All cases, which had shallow anterior chamber or early hypotony in the graft group, were spontaneously resolved in the postoperative one week. Two eyes, which had persistent shallow anterior chamber or hypotony in the flap group, were treated with intracameral injection of viscoelastics or air. We observed no tube migration in the graft group, but three eyes (30.0%) demonstrated tube migration in the flap group, which was statistically significant (p = 0.037). Due to the differences in the two surgical methods by nature, in the flap group, the tube penetrates half thickness of sclera, but in graft group, the tube penetrates the full thickness of sclera. As a result, the length of penetrance by the tube was shorter in the flap group. Consequently, the scleral support for the drainage tube can be weaker in the flap group than in the graft group, and is more likely to migrate from the original location. Furthermore, the scleral flap covering the drainage tube was thinner (half-thickness) and smaller (4 × 4 mm) in the flap group than the donor scleral graft (4 × 7 mm) in the graft group. As a result, we postulate that tube migration could be highly observable in the flap group relative to the graft group. In addition, in the flap group, making a partial-thickness scleral flap takes more time, requiring precise technique. Therefore, the surgeon's skill could affect the surgical complications more under the flap group.
However, we need to consider the potential problems when a preserved donor sclera is used for covering the drainage tube. Donor scleral grafts may transmit several infectious diseases. Seiff et al. [10] reported evidence of the human immunodeficiency virus (HIV) genome in sclera obtained from HIV-1 seropositive donors, despite treatment with heat, alcohol, or formalin. By contrast, there is no potential infectious disease transmission when the drainage tube is covered with an autologous scleral flap. Graft patch materials such as donor sclera and Tutoplast can also cause immune-mediated melting and tube erosion. According to Raviv et al. [11], no eyes had tube erosion when pericardial patch grafts were used in 44 eyes for 10.2 months, but graft thinning was noted in 5 of 44 cases. Smith et al. [12] followed up 64 glaucomatous eyes for at least 24 months after GDDs implantation using the Molteno implant, Baeveldt implant, or Krupin implant. They divided eyes into three groups according to graft material, (donor sclera, dura, or pericardium), and looked for signs of graft thinning and tube erosion. Their study shows that donor patch graft thinning occurred in 6 of 23 donor sclera eyes (26.1%), 4 of 18 donor dura eyes (22.2%), and 6 of 23 donor pericardium eyes (26.1%), none of which were statistically significant.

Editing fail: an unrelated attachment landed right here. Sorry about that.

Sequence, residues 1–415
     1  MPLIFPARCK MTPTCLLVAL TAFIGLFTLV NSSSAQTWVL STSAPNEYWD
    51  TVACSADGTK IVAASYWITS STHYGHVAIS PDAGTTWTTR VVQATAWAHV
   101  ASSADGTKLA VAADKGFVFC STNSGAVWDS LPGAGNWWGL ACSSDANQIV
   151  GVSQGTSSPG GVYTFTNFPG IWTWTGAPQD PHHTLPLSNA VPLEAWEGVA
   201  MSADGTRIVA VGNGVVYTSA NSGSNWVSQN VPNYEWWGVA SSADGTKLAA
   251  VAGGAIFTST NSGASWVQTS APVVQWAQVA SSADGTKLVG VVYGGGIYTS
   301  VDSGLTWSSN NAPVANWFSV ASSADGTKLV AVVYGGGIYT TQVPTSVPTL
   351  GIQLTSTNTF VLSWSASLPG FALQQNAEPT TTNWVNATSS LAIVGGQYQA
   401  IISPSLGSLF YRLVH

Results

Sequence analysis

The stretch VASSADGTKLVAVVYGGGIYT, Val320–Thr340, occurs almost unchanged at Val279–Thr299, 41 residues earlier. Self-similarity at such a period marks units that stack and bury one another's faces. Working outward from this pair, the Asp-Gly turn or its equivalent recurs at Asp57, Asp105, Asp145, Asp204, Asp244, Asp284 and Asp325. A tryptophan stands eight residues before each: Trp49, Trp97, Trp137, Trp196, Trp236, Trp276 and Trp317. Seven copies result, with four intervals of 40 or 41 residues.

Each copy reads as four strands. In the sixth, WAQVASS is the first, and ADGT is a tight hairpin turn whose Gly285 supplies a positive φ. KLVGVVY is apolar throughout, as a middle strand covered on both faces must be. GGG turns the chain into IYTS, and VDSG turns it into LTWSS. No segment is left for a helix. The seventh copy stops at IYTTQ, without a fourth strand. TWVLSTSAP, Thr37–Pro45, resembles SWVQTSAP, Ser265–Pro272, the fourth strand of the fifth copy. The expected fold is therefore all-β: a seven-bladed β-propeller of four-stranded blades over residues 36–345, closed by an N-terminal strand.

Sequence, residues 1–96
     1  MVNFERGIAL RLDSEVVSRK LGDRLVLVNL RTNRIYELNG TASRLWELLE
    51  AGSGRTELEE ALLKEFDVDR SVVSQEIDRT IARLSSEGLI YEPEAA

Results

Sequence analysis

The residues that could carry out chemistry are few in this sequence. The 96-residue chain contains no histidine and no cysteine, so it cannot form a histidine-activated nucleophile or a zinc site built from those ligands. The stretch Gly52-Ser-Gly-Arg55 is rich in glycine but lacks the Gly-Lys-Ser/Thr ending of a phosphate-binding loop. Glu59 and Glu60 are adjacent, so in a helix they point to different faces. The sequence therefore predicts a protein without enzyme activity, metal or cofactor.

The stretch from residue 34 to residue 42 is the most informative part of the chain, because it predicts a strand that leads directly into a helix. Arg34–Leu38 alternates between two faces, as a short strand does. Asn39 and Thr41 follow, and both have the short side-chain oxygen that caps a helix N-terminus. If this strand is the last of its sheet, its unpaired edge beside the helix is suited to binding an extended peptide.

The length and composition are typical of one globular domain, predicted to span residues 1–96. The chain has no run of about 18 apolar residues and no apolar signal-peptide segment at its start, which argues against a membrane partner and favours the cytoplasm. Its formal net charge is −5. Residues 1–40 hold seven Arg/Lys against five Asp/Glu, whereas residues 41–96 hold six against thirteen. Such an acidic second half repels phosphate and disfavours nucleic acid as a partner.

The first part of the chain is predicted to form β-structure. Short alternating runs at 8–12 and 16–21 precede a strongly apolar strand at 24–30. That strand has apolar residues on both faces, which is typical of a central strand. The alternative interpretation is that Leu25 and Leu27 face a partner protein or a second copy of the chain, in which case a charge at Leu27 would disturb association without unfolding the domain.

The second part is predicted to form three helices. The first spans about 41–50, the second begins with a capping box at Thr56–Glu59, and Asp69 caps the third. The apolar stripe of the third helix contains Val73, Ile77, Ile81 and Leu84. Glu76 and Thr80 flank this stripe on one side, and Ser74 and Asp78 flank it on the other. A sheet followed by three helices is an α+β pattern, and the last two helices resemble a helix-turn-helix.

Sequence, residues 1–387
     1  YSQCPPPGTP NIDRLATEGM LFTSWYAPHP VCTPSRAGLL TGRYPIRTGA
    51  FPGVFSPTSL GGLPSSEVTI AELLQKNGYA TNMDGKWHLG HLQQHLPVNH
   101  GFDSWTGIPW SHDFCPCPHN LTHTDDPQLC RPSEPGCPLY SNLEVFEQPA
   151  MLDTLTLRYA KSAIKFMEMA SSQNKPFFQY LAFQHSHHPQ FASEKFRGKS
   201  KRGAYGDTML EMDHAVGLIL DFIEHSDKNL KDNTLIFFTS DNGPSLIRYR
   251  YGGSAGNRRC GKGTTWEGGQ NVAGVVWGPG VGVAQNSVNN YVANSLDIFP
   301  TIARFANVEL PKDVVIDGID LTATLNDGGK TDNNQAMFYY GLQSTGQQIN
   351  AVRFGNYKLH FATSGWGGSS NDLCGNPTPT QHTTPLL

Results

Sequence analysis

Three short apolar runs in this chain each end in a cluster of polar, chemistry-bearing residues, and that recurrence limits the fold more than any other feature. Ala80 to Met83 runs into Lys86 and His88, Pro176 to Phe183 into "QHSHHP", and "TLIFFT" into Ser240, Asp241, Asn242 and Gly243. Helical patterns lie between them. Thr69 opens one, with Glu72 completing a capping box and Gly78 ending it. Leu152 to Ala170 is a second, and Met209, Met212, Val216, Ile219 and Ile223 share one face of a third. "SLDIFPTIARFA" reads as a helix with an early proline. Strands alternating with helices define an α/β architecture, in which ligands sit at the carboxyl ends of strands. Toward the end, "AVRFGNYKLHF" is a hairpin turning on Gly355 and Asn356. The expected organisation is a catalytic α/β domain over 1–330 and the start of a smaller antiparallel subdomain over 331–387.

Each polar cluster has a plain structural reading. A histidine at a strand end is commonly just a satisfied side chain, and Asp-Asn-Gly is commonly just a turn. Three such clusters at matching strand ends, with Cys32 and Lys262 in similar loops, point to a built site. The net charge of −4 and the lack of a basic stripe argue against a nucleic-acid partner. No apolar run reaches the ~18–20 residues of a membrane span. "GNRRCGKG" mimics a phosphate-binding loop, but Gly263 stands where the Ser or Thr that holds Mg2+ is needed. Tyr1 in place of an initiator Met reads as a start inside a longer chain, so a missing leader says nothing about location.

Although we used preserved donor sclera for covering the drainage tube, we were also able to use Tutoplast to cover the drainage tube. Tutoplast is more readily available and easier to handle because of its uniform quality and size. In addition, Tutoplast has been sterilized through gamma-irradiation and chemical treatment [13-15], but it is more expensive than donor sclera.
We concluded that the frequency of tube migration was significantly higher in the flap group than the graft group. However, postoperative IOP values and surgical success rates were not significantly different between the two methods. This study has some limitation due to the lack of long-term follow-up and small case number. Further studies with longer follow-up and larger case number will be needed to assure our conclusion.

Conflicts of interest

No potential conflict of interest relevant to this article was reported.

REFERENCES

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3. Krishna R, Godfrey DG, Budenz DL, et al. Intermediate-term outcomes of 350-mm(2) Baerveldt glaucoma implants. Ophthalmology 2001;108:621-626.
4. Pine J, Murphy J. In: Allingham RR, Damji KF, Freedman S, Drainage implant surgery. Shields' Textbook of glaucoma. 2005. 5th ed. Philadelphia: Lippincott Williams & Wilkins; p. 610-625.
5. Das JC, Chaudhuri Z, Sharma P, Bhomaj S. The Ahmed Glaucoma Valve in refractory glaucoma: experiences in Indian eyes. Eye (Lond) 2005;19:183-190.
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Fig. 1
The baseline and postoperative intraocular pressure (IOP) measurements in the graft group and flap group. Only at six months postoperatively did the graft group have a significantly lower mean IOP compared to the flap group (indicated by an asterisk, p = 0.006 by Mann-Whitney U-test). After that time, postoperative IOP values were not significantly different between the two groups (p-values by Mann-Whitney U-test were 0.967, 0.287, and 0.495 at 12 months, 18 months, and 24 months, respectively). Preop = preoperative.
kjo-25-317-g001.jpg
Fig. 2
The cumulative survival graph was determined by the Kaplan-Meier method, and the success rate was compared using the log rank test. The cumulative success rates were 94.4% versus 90.0% at six months and 77.8% versus 80.0% at one year in the graft and flap groups, respectively. The success rates were not significantly different (p = 0.882 by log rank test).
kjo-25-317-g002.jpg
Table 1
Baseline characteristics in the graft group and flap group
kjo-25-317-i001.jpg

Values are presented as mean ± SD or number (%).

IOP = intraocular pressure; NVG = neovascular glaucoma; DM = diabetes mellitus; CRVO = central retinal vein occlusion; AGV = Ahmed Glaucoma Valve.

*Mann-Whitney U-test; Fisher's exact test.

Table 2
The surgical results of both group at postoperative six months and one year
kjo-25-317-i002.jpg

*Analyzed by Fisher's exact test.

Table 3
Postoperative complications in the graft group and flap group
kjo-25-317-i003.jpg

Values are presented as number (%).

*Aanalyzed by Pearson chi-square test; Analyzed by Fisher's exact test; Indicates hypotony occurring within the first postoperative month.